Cambria’s emergency water supply (EWS) plant will operate for nearly three more weeks than originally scheduled, now ending its maiden-voyage test run April 30, according to a unanimous vote by the Cambria Community Services District Board of Directors at a special meeting April 7.
The plant was to have shut down Friday, April 10.
The directors also approved charging customers an operating surcharge that’s only levied when the project is providing water for the community. Directors had opted not to add it to customers’ bills during the three-month test run, but agreed April 7 to let Finance Manager Patrick O’Reilly tack it onto the bills for about half of the plant’s extra operational time.
O’Reilly had told them doing so would allow his department to test some costly modifications to billing software.
At The Cambrian’s request, the finance manager calculated that a “typical residential customer in a two-person household” that uses about 6,000 gallons per two-month billing period would pay a $2.25 EWS operating charge for the 11 days. Customers will see that charge on the bills they receive in May, O’Reilly said.
Since July 1, customers have been paying another surcharge to help pay for the $10 million project.
Once the plant is shut down, crews will mothball it until about mid-July. It will then be restarted to provide water for the community and allow staff to perform another “tracer test” that uses a trackable element in the treated water to determine how long it takes to flow from where it’s injected to the district’s supply wells.
A state water agency requires that the flow process take at least 60 days from injecting the treated tracer water to when it arrives at the supply wells.
During this summer’s tracer test, the community will be able to use water from one San Simeon Creek Road supply well at a time, unlike last year, when restrictions didn’t allow the use of any water from that well field during the first tracer test.
The approved motion calls for the plant to be shut down again about mid-September. That time frame could be modified by a subsequent vote of the board if drought conditions and water supplies require it, or if accomplishing an extra month of operation then might allow the district to start up the plant the next time under less stringent testing and monitoring requirements that would allow some automated operations without direct supervision.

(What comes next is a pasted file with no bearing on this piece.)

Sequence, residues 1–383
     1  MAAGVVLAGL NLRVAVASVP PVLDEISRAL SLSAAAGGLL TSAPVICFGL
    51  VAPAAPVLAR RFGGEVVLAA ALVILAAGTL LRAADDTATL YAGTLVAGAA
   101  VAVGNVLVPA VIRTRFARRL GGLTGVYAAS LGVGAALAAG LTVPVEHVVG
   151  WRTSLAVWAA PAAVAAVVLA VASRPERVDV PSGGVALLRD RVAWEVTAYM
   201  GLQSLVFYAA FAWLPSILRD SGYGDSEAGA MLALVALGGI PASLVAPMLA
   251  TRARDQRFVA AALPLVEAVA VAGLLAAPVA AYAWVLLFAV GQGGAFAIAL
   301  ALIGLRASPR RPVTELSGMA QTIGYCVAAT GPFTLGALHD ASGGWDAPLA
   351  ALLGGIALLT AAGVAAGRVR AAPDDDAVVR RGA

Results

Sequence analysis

Before those requirements might be reduced, a state water board requires six months of operation with qualified staff always on site for monitoring and detailed recordkeeping.
The new EWS May-through-mid-July downtime also will allow district staff some breathing room to continue its training, learn start-up and shut-down procedures (a mentoring process that will be videotaped for later reference), and accomplish other tasks. Those tasks are difficult to perform while the plant is running, Justin Smith, water department supervisor, told CCSD directors. The gap in operations will give staff “a small window to catch our breath to really dial this in,” he said.
Operations through April 30 will be under the direction of the district’s contractor, CDM Smith, which will participate for the additional time at no extra cost, district General Manager Jerry Gruber told his board members.
According to stats in the district’s March 26 meeting agenda packet, CDM Smith had been paid more than $8.7 million for its work on the plant.
The EWS plant is designed to operate during declared droughts and extremely dry seasons, when more water is being drawn out of the San Simeon Creek aquifer than is flowing into it from underflow in the creek watershed.
The project, a water-reclamation plant on district property, filters and treats a brackish blend of fresh and salt water and treated effluent from the district’s wastewater treatment plant. After the water goes through the EWS process, the highly treated liquid is injected back into the ground to recharge the basin and help replenish the aquifer and district source wells.
The project underwent its three-month test run under an emergency permit from the county. District officials maintained the community could have run out of water during last year’s drought, but ratepayers did a remarkable job of conserving water, reducing their already water-conscious consumption level by nearly 40 percent in 2014.